Obama to Urge Easing 401(k) Rules for Small Businesses

WASHINGTON — President Obama will propose in his 2017 budget new rules that would make it easier for small businesses to join together to form 401(k) retirement plans for their workers, even if the businesses are in different industries, administration officials said Monday.

The officials said that the proposal, if accepted by the Republican-led Congress, could make retirement plans available to more people by reducing administrative costs and compliance issues, which are sometimes too great for a single small business to bear.

“We need to find new ways to help working families build up a nest egg,” said Jeffrey D. Zients, the director of Mr. Obama’s National Economic Council. He said that retirement plans were not currently available to more than half of all workers at businesses that employ fewer than 50 people.

Mr. Zients said that retirement plans were “an important component of attracting and retaining workers,” and that he was optimistic that both Republicans and Democrats on Capitol Hill would support the president’s proposals.

Small businesses can already band together to form a retirement plan, though officials said that current law discourages them from doing so if the businesses are not closely related. They noted that some independent auto dealerships have united to create retirement plans for their workers, allowing the businesses to share costs.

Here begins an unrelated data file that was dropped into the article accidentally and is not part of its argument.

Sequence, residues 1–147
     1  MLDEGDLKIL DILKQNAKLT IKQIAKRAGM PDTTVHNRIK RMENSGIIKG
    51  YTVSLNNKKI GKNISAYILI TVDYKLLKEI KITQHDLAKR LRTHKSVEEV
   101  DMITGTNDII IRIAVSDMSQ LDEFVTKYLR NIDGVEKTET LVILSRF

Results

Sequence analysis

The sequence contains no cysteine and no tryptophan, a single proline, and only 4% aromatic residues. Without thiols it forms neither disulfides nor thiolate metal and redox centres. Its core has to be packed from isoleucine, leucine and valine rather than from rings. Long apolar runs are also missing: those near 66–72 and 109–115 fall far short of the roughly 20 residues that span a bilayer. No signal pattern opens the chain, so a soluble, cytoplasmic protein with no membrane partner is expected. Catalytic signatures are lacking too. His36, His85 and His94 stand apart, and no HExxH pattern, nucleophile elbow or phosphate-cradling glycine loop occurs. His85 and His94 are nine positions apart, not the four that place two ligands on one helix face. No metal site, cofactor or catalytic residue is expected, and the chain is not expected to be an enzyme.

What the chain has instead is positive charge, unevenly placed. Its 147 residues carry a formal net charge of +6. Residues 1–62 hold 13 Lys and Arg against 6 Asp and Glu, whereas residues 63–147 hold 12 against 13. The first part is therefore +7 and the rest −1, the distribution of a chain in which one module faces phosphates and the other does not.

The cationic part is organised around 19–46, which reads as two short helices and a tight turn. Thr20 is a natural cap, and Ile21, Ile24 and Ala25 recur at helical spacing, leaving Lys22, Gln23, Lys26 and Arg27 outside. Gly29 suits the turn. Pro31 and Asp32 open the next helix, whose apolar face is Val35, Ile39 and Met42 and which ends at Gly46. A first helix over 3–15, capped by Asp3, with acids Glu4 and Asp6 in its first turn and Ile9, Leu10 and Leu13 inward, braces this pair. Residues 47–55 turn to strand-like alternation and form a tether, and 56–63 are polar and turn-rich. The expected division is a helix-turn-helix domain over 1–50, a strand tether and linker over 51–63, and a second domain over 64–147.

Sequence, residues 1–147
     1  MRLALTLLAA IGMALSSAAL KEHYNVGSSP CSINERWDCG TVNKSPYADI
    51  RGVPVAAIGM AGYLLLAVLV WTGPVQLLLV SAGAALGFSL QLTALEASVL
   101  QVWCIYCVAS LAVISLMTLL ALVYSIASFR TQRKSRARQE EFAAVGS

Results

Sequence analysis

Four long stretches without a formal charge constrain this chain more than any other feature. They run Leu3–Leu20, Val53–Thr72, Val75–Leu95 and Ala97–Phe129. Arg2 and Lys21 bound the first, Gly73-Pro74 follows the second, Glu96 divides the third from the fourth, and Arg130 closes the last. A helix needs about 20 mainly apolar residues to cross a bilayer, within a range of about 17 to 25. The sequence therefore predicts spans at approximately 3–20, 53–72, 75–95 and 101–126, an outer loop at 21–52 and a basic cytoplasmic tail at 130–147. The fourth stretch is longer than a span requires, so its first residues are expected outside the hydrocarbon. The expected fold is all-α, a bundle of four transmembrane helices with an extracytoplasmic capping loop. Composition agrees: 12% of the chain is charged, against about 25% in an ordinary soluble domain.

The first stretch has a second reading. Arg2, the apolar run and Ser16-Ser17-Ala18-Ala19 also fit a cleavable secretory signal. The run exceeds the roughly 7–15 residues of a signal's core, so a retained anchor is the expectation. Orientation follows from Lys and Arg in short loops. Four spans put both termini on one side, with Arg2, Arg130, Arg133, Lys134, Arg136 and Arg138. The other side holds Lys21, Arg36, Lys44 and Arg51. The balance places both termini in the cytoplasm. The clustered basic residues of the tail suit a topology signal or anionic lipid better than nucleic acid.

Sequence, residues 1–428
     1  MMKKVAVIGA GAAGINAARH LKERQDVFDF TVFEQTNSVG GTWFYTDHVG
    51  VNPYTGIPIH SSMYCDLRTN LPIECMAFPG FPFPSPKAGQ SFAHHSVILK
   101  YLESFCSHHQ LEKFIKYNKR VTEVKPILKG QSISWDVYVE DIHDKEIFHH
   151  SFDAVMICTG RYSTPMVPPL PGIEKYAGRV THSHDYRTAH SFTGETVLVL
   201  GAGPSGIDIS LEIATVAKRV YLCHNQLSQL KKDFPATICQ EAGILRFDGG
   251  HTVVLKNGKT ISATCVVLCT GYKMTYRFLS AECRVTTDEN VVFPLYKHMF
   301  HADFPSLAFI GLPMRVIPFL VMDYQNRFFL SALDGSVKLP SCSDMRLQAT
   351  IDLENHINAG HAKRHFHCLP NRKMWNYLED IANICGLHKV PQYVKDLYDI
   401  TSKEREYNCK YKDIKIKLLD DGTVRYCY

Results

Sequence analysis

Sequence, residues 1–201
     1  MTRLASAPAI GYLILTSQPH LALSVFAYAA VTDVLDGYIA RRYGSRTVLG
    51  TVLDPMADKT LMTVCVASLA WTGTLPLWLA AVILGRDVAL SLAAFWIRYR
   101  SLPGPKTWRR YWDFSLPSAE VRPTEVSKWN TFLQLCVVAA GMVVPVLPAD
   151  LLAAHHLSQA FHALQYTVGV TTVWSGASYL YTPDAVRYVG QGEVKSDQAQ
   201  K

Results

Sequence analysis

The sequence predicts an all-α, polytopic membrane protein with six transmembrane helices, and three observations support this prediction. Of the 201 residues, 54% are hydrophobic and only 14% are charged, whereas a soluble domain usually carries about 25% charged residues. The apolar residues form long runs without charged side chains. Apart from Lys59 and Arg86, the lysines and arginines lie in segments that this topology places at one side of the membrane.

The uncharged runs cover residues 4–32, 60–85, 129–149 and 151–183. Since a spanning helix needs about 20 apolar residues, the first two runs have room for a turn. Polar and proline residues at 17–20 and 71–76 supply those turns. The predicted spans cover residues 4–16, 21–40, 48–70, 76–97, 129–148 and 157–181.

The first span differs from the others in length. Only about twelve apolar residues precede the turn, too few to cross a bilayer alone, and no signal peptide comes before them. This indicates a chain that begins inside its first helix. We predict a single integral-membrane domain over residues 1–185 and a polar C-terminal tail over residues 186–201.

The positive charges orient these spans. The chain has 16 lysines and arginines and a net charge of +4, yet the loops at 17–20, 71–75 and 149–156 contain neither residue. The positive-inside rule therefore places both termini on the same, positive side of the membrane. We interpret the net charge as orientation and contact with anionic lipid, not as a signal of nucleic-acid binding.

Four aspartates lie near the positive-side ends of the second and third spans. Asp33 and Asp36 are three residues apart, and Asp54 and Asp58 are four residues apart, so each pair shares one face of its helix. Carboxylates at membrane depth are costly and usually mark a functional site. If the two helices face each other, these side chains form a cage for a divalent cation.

Mr. Zients and Labor Secretary Thomas E. Perez said the president would propose specific legal changes to promote the broader use of the program, often called an open multiple employer plan. Officials said the changes would clarify “decades of precedent, both case law and guidance,” that currently stands in the way of such plans.

In addition to the 401(k) proposal, Mr. Obama’s budget will include other modest retirement initiatives, including one that would require businesses with more than 10 employees to automatically enroll their workers in an individual retirement account, known as an I.R.A., if the businesses do not offer a separate retirement savings program.

That proposal has been part of the president’s budget in the past, but officials said they hoped Republicans would support it this time. The budget will also seek funding for pilot programs that would provide new ways for people who change jobs to shift their retirement savings into programs offered by their new employers.

This article was originally published at the NY Times.